The H-1B is a non-immigrant visa in the United States under the Immigration and Nationality Act, section 101(a)(15)(H). It allows U.S. employers to temporarily employ foreign workers in specialty occupations. If a foreign worker in H-1B status quits or is dismissed from the sponsoring employer, the worker can apply for a change of status to another non-immigrant status, find another employer (subject to application for adjustment of status and/or change of visa), or must leave the US.
The regulations define a “specialty occupation” as requiring theoretical and practical application of a body of highly specialized knowledge in a field of human endeavor including, but not limited to, architecture, engineering, mathematics, physical sciences, social sciences, biotechnology, medicine and health, education, law, accounting, business specialties, theology, and the arts, and requiring the attainment of a bachelor’s degree or its equivalent as a minimum (with the exception of fashion models, who must be “of distinguished merit and ability”.) Likewise, the foreign worker must possess at least a bachelor’s degree or its equivalent and state licensure, if required to practice in that field. H-1B work-authorization is strictly limited to employment by the sponsoring employer.
To be eligible for sponsoring an H-1B visa, the employer must prove that:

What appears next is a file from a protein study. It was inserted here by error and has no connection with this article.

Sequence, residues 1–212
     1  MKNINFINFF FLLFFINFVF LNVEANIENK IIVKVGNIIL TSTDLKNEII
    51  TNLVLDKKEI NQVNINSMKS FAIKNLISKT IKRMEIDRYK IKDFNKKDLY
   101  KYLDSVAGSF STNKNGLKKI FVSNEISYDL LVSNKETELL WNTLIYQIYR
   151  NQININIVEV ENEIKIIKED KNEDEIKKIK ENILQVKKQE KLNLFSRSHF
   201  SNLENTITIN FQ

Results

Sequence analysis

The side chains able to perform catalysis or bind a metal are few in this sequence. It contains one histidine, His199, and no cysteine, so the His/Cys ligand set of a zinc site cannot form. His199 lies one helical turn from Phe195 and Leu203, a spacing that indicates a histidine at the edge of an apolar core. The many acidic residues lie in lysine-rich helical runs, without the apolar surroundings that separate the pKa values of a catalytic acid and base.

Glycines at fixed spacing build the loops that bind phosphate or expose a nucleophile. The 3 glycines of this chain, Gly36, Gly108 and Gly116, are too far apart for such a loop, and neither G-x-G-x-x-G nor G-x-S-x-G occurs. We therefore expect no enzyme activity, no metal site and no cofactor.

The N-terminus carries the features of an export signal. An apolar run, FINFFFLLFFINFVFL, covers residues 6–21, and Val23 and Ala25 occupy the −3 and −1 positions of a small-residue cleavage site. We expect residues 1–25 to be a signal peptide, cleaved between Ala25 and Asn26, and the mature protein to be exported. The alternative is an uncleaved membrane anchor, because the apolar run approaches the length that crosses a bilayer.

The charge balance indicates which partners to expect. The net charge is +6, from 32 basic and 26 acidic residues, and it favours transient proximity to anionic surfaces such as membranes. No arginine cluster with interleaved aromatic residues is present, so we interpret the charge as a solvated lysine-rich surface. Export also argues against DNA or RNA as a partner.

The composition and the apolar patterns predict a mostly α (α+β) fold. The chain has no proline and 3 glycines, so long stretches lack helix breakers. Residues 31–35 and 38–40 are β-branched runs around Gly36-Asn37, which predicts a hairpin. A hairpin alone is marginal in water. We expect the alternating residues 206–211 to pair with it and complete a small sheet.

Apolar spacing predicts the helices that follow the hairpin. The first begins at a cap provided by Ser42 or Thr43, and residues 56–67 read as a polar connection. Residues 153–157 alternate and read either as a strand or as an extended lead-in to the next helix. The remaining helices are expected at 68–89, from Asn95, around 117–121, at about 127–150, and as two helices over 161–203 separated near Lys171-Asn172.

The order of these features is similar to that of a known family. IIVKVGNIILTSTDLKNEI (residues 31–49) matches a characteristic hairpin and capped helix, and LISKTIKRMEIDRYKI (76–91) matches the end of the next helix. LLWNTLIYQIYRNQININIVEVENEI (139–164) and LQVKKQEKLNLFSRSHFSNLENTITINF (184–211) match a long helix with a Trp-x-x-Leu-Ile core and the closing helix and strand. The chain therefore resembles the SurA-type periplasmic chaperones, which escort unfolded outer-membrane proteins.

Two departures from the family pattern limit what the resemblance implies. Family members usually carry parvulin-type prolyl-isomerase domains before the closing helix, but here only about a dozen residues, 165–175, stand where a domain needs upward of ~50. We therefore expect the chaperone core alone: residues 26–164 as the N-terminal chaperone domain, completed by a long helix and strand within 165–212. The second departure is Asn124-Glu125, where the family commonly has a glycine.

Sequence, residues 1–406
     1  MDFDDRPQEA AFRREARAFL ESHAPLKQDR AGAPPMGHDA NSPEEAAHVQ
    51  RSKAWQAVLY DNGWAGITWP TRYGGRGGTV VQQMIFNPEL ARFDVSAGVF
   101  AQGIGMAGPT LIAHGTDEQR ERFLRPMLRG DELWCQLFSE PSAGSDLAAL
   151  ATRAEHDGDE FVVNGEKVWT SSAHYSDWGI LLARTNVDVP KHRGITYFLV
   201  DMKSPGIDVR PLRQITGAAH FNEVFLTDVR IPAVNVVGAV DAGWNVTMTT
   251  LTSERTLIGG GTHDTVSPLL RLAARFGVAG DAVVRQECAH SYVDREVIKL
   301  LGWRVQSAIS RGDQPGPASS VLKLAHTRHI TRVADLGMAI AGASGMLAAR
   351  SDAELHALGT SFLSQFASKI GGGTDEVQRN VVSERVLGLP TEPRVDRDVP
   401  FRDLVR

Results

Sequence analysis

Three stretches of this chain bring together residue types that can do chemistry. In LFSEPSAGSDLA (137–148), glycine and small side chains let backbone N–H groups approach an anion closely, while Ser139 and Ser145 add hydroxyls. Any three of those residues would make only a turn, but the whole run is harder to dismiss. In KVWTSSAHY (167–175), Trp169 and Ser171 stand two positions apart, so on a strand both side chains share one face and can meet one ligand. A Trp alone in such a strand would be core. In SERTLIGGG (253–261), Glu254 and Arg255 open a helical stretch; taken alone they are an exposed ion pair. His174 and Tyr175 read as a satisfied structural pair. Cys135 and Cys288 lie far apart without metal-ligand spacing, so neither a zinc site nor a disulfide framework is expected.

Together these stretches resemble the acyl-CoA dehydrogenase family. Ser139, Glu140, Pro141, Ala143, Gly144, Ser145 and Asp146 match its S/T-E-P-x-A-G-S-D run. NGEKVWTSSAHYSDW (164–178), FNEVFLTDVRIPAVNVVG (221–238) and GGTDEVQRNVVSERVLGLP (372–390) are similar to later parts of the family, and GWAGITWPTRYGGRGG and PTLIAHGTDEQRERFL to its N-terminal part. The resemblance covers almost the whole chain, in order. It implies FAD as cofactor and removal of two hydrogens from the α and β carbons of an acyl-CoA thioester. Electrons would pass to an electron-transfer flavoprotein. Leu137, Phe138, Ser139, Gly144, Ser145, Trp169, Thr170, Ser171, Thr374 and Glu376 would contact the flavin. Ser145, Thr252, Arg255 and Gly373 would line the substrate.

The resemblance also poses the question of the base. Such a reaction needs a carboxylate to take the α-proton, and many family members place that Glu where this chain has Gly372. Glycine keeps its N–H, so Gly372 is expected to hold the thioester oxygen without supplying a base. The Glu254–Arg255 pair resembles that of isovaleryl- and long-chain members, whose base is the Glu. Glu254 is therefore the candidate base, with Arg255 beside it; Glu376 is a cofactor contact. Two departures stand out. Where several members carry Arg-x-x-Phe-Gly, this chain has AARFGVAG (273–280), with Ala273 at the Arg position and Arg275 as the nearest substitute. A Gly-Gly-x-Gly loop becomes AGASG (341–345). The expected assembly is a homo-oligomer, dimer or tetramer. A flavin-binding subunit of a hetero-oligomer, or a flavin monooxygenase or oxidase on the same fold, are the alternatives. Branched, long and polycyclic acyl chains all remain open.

1. The position offered requires knowledge, both theoretical and applied, which is almost exclusively obtained through studies at an institution of higher learning.
2. The position requires a specific course of study which relates directly to the position.
3. Attainment of a bachelor’s or higher degree in the specific activity (or its equivalent) is a minimum requirement for the position.
4. Full state licensure to practice in the occupation, if such licensure is required to practice in the occupation.
5. Completed the degree required for the occupation or possess experience in the specialty equivalent to the completion of such degree.
6. Recognition of expertise in the specialty through progressively responsible positions relating to the specialty.
Each applicant for a visitor visa must submit these forms and documentation as explained below.
- Online Nonimmigrant Visa Electronic Application, Form DS-160. .
- A passport valid for travel to the U.S. with a validity date of at least six months beyond the applicant’s intended period of stay in the U.S. (unless country-specific agreements provide exemptions). If more than one person is included in the passport, each person desiring a visa must make an application.
- One (1) 2×2 photograph.
- Nonimmigrant visa application processing fee: You will need to provide a receipt showing the visa application processing fee has been paid, when you come for your visa interview.
- Visa issuance fee: Additionally, if the visa is issued, there will be an additional visa issuance reciprocity fee, if applicable. Please consult the Visa Reciprocity Tables to find out if you must pay a visa issuance reciprocity fee and what the fee amount is.
Some visa applications require further administrative processing, which takes additional time after the visa applicant’s interview by a Consular Officer. Applicants are advised of this requirement when they apply. Most administrative processing is resolved within 60 days of the visa interview. When administrative processing is required, the timing will vary based on individual circumstances of each case. Visa applicants are reminded to apply early for their visa, well in advance of the anticipated travel date.
Important Notice: Before making inquiries about status of administrative processing, applicants or their representatives will need to wait at least 60 days from the date of interview or submission of supplemental documents, whichever is later.